With Chrome 80 in February, Chrome will treat cookies that have no declared SameSite value as SameSite=Lax cookies. Only cookies with the SameSite=None; Secure setting will be available for external access, provided they are being accessed from secure connections.
Microsoft took a similar course with its Microsoft Edge and Internet Explorer browsers. Support for the SameSite change has been in place with those browsers since the June 2018 Windows Update releases, the company explained in a blog post. The SameSite change in Edge will ship "at the same time or later than Google," Microsoft indicated in this document.
Google's Oct. 23 Chromium blog post suggested that Microsoft first started implementing the changes with the "Microsoft Edge 80" browser. It added that "Mozilla has affirmed their support of the new cookie classification model" in a future Firefox browser release.
Broken OpenID Apps
Microsoft early on warned that the SameSite changes could break sites and applications that rely on OpenID-based federation.
Google warned IT pros in its Oct. 23 Chromium blog post that there could be problems with internal applications and single sign-on implementations:
Enterprise IT administrators may need to implement special policies to temporarily revert Chrome Browser to legacy behavior if some services such as single sign-on or internal applications are not ready for the February launch.
IT Pro Warnings
Microsoft has issued a specific warning about the coming SameSite changes. Effects could be felt when using Microsoft Teams client applications. There are considerations for sites that use ASP.NET. Exchange Server, SharePoint Server and the Skype for Business client all will need to have the latest updates installed.
With regard to the Teams client, Microsoft warned in this Microsoft Teams and SameSite cookies document that "Applications running in the Teams desktop client are incompatible with the SameSite=None attribute, and they will not work as expected." The document offered a couple of "workaround" options. It also explained that the Secure attribute needs to be used when the SameSite attribute's value is set to None to assure that third-party cookies won't get rejected.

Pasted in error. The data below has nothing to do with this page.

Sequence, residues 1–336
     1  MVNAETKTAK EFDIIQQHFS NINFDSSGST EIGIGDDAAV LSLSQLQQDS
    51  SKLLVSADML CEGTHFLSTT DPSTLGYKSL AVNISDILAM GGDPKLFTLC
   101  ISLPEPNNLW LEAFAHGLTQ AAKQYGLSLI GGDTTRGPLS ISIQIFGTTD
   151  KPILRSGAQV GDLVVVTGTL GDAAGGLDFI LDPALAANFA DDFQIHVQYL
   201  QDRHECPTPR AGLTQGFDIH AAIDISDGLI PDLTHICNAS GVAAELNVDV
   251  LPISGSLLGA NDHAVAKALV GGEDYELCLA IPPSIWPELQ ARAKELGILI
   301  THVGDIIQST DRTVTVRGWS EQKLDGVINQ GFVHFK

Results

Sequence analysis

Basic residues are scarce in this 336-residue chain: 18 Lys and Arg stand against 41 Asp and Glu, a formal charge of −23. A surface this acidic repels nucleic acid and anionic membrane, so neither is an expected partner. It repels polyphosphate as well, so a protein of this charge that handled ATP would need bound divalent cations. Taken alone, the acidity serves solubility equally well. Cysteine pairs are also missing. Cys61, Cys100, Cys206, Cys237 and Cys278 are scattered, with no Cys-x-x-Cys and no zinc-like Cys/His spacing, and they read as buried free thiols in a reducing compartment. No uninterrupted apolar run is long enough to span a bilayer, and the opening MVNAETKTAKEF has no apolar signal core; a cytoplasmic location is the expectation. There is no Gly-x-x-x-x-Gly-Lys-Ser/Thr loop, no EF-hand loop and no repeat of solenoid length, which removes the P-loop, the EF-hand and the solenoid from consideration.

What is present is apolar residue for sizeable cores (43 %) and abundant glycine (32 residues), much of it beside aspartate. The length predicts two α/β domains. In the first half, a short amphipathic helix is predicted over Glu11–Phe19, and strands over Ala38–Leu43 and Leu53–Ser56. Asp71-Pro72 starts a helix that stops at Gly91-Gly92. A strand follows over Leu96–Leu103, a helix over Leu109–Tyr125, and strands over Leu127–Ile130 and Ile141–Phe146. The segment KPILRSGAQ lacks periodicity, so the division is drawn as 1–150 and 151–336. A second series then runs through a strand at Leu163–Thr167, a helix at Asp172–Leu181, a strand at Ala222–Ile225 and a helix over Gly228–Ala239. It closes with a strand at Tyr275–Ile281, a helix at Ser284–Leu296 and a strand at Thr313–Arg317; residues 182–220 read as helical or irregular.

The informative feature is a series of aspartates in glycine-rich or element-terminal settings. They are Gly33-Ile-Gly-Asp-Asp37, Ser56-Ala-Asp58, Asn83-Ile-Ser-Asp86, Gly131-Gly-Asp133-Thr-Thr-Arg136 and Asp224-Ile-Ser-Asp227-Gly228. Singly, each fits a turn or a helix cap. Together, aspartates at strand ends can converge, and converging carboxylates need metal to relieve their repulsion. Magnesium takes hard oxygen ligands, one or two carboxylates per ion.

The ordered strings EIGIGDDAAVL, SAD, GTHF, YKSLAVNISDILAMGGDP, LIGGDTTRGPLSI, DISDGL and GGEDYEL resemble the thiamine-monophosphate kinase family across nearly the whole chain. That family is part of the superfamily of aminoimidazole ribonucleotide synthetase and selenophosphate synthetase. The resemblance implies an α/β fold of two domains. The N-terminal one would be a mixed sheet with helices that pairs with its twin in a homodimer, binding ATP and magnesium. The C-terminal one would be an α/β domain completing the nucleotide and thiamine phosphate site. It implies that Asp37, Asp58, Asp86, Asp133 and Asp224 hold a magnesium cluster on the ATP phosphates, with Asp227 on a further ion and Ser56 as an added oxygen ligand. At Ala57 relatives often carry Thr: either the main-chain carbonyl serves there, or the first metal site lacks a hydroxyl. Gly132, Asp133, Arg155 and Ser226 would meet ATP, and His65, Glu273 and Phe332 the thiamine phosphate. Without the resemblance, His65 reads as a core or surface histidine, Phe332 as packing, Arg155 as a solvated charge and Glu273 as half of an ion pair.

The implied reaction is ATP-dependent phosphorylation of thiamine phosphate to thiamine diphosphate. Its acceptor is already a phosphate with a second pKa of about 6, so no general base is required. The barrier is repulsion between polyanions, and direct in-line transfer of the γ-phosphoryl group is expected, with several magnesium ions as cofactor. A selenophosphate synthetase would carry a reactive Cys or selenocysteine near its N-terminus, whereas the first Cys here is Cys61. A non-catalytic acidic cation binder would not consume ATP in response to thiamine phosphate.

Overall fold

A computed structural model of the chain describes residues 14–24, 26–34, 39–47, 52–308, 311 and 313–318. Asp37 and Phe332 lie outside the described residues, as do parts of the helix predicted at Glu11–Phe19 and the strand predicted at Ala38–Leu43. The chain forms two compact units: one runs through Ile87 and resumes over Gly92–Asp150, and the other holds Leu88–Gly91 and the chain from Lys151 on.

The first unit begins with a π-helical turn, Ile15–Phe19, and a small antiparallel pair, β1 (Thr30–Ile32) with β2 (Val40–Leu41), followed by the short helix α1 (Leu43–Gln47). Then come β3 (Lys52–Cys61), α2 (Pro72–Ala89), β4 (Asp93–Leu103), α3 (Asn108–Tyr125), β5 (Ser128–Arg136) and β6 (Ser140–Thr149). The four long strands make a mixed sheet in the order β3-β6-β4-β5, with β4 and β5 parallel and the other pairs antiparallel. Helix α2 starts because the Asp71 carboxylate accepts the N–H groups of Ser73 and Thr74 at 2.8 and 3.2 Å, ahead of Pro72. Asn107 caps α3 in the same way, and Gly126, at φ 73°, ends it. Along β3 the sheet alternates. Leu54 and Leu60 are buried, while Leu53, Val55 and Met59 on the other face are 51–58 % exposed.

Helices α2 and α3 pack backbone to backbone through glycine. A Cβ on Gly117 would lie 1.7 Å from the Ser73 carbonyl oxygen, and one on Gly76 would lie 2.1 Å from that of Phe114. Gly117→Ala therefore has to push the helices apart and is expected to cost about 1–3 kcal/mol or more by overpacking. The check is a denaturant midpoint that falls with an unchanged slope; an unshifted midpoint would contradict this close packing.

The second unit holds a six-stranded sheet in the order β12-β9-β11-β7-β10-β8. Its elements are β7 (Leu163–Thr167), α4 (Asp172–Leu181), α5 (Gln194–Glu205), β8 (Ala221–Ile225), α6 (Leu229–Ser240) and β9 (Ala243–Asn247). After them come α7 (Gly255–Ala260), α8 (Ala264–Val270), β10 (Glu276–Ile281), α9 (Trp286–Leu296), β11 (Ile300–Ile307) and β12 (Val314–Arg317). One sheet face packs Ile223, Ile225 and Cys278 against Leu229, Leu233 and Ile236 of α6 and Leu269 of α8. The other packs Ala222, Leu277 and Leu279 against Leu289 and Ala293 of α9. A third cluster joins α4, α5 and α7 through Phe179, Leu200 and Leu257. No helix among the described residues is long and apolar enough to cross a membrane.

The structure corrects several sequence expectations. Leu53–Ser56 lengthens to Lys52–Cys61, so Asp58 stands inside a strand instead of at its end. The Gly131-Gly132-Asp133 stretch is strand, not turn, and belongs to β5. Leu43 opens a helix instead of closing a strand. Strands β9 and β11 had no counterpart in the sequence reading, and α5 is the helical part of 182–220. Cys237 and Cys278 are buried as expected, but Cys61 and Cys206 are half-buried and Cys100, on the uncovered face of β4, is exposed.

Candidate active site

For sites using ASP.NET or ASP.NET Core, Microsoft warned in an Oct. 18 ASP.NET blog post that the new SameSite changes will be in effect with ".NET 4.7.2 and in .NET Core 2.1 and above" and they could break OpenIDConnect log-ins. Updates to .NET that were released back in December and November added support for the new SameSite behavior.
The ASP.NET post also offered a guess on when the Chrome browser changes will get turned on.
"Chrome 80 is scheduled to turn on the new behavior in February or March 2020, including a temporary mitigation added in Chrome 79 Beta," the ASP.NET blog post indicated.
Essentially, "each ASP.NET component that emits cookies needs to decide if SameSite is appropriate," Microsoft advised in its document, titled "Work with SameSite Cookies in ASP.NET." There's a particular caution offered for sites using iframes.
"Applications that use iframe may experience issues with SameSite=Lax or SameSite=Strict cookies because iframes are treated as cross-site scenarios," the document stated.
Microsoft also warned developers of SharePoint provider-hosted App Parts add-ins using ASP.NET that they may have to make a change to the "system.web" declaration and use the SameSite="None" value. The reason for having to make that change is that the coming default "Lax" value "prevents the cookie from being sent to an iframe if the domain of the iframe is different than the host page," throwing a 405 error for end users.
Microsoft published a general article on how the changes in the stable Google Chrome browser, version 80 or later, will affect Web sites in this document, which is dated Jan. 21. It stated that this stable version of Chrome is "scheduled for release on February 4, 2020."
Microsoft's Jan. 21 document also included recommendations for IT pros. Certain January updates need to be in place if organizations use Windows Server 2019 or Windows Server 2016 with federation or proxy services:
Microsoft customers who use Active Directory Federation Services (AD FS) or Web Application Proxy must deploy one of the following Windows Server updates:
Microsoft's Jan. 21 document also suggested that it's possible to disable the new SameSite behavior using "Group Policy, System Center Configuration Manager, or Microsoft Intune (or any Mobile Device Management software)" until it's possible to have the time to verify that apps won't get broken by the changes.
Lastly, the Exchange team issued a notice last week that it will issue cumulative updates (CUs) for Exchange Server 2019 and Exchange Server 2016 that will support the SameSite changes. However, those CUs will arrive in March, while Google's Chrome changes are scheduled for a Feb. 4, 2020 rollout.
"Given the date of our scheduled CU's comes after Google Chrome's release date of February 4th there might be some issues experienced by users," the Exchange Team explained.
The team suggested, as a workaround, that users could switch to another browser, or the Outlook Web App could be set to use the legacy SameSite cookie behavior.